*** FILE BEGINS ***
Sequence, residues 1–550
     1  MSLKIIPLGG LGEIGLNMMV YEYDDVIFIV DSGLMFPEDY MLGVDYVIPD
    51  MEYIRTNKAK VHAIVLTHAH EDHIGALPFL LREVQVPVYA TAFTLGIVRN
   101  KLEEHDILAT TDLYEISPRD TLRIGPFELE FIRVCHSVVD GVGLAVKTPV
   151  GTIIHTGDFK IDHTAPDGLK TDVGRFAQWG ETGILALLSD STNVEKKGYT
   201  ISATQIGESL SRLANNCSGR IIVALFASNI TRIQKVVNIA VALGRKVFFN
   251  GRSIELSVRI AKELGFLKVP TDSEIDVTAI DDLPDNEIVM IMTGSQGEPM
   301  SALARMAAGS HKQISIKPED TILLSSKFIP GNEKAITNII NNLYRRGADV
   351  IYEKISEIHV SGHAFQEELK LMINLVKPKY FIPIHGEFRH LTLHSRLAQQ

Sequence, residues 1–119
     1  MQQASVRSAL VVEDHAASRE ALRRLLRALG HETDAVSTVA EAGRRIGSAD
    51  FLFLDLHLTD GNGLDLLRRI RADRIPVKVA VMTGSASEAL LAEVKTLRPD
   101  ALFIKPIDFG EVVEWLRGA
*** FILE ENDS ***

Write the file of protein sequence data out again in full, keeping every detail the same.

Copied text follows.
Sequence, residues 1–550
     1  MSLKIIPLGG LGEIGLNMMV YEYDDVIFIV DSGLMFPEDY MLGVDYVIPD
    51  MEYIRTNKAK VHAIVLTHAH EDHIGALPFL LREVQVPVYA TAFTLGIVRN
   101  KLEEHDILAT TDLYEISPRD TLRIGPFELE FIRVCHSVVD GVGLAVKTPV
   151  GTIIHTGDFK IDHTAPDGLK TDVGRFAQWG ETGILALLSD STNVEKKGYT
   201  ISATQIGESL SRLANNCSGR IIVALFASNI TRIQKVVNIA VALGRKVFFN
   251  GRSIELSVRI AKELGFLKVP TDSEIDVTAI DDLPDNEIVM IMTGSQGEPM
   301  SALARMAAGS HKQISIKPED TILLSSKFIP GNEKAITNII NNLYRRGADV
   351  IYEKISEIHV SGHAFQEELK LMINLVKPKY FIPIHGEFRH LTLHSRLAQQ

Sequence, residues 1–119
     1  MQQASVRSAL VVEDHAASRE ALRRLLRALG HETDAVSTVA EAGRRIGSAD
    51  FLFLDLHLTD GNGLDLLRRI RADRIPVKVA VMTGSASEAL LAEVKTLRPD
   101  ALFIKPIDFG EVVEWLRGA